Franco-British diplomatic games and issues within WEU (1954-1982)



The thematic ePublication entitled ‘Franco-British diplomatic games and issues in WEU (1954–1982)’ is the result of the ‘Diplomacy within Western European Union’ research project carried out by the CVCE. It is based on an exploration of the archives of Western European Union, which were transferred to Luxembourg following the closure of the organisation.


On 31 March 2010, the Presidency of the Permanent Council of Western European Union announced that its ten Member States had decided to put an end to the organisation’s activities by the end of June 2011. With its decision of 11 May 2011, the Permanent Council approved the proposal of the Luxembourg Government for the WEU archives to be hosted at the Luxembourg National Archives and for the CVCE to be given the task of exploiting the archives for research purposes.[1] This decision reflected the importance of keeping the organisation’s heritage together in a single place so as to make it easier to consult the archives for research projects carried out in the public interest.


Before the Maastricht Treaty was signed on 7 February 1992, laying the foundations for a common foreign and security policy between the European Community Member States, WEU was the only European organisation that specifically focused on the question of collective security and defence in Western Europe.[2] France and the United Kingdom were the two key states throughout the organisation’s existence. However, they sometimes acted as a brake on WEU’s activities rather than as a driving force for the organisation.


Against this backdrop, the CVCE’s thematic ePublication looks at the diplomatic relations and interactions between France and the United Kingdom in relation to a series of topics associated with the changing geopolitical context in Europe and its immediate geographical surroundings which were addressed by WEU. It is primarily based on the organisation’s archives. This ePublication also emphasises the interests and role of France and the United Kingdom in the development of a European security and defence policy. The analysis of archive documents sheds light on the institutional constraints that membership of WEU placed on French and British foreign policy.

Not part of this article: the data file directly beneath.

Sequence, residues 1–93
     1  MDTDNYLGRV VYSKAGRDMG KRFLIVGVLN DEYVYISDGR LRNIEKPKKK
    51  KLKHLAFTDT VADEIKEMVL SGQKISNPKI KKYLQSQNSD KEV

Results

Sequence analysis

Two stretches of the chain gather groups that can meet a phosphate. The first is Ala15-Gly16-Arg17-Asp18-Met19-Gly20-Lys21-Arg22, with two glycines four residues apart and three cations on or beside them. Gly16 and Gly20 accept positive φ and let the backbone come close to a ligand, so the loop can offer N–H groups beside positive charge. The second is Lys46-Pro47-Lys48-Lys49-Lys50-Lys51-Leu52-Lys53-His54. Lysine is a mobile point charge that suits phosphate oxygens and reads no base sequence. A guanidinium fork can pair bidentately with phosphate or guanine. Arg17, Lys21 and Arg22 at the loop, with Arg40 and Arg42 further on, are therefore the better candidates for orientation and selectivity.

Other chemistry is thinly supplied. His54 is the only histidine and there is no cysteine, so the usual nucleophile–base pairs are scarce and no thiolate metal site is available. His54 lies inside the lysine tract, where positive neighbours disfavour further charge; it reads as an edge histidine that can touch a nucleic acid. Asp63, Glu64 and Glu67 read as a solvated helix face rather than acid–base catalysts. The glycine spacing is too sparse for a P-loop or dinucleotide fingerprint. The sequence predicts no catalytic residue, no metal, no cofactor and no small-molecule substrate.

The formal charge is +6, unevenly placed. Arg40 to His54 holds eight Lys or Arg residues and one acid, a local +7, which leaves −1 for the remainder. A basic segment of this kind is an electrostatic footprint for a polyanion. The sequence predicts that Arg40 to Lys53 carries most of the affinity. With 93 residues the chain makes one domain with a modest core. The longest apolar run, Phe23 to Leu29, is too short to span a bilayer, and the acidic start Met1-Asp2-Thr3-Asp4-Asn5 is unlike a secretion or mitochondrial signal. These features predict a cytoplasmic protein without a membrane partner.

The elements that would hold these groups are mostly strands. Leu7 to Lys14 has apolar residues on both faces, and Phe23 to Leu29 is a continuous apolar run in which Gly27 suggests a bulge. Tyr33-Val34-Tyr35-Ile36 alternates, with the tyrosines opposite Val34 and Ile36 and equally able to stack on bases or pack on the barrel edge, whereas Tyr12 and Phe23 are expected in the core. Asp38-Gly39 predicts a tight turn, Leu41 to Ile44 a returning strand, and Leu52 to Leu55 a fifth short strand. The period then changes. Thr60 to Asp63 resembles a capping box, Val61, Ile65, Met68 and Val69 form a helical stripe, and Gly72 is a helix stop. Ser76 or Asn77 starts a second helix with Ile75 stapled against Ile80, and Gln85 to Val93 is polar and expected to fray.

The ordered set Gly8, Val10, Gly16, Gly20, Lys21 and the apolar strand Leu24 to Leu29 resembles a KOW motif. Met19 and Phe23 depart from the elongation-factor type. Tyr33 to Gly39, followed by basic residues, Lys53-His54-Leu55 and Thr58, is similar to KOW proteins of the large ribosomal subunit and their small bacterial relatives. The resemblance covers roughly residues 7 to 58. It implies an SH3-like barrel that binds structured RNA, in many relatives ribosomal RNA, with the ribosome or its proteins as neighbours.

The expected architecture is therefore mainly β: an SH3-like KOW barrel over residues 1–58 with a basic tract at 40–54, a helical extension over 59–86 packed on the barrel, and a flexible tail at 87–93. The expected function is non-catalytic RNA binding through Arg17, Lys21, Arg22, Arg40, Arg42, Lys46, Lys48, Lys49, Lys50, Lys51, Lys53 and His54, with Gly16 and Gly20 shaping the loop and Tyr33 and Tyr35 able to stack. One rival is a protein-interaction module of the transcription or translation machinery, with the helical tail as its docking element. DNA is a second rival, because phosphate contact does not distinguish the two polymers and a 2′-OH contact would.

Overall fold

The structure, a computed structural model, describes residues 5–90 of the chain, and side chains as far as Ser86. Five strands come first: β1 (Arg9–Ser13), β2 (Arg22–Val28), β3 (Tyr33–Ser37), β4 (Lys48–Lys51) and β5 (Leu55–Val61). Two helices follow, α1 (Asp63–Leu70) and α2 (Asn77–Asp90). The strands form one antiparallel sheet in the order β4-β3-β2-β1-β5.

This thematic ePublication has been submitted for review to a committee composed of the following experts:

  • Yves BOYER, Professor at the École Polytechnique (part of the University of Paris-Saclay) and Deputy Director of the Foundation for Strategic Research.

  • Anne DEIGHTON, Professor of European International Politics and Governing Body Fellow at Wolfson College, University of Oxford.

  • Álvaro DE VASCONCELOS, Project Director at the Arab Reform Initiative (ARI) and Coordinator of the Steering Committee of the Global Governance Group (GG10), former Director of the EU Institute for Security Studies and Co-founder of the Institute for Strategic and International Studies (IEEI) in Lisbon.

The thematic ePublication is available in French and English.


[1] Western European Union. Secretary-General’s note. Council decision on WEU archives. C(11)05 final. Brussels, 10 May 2011.

[2] The European Defence Community, the treaty for which was signed on 27 May 1952 in Paris, was more ambitious than WEU. Following France’s refusal to ratify the founding act of the organisation, it never came into force.

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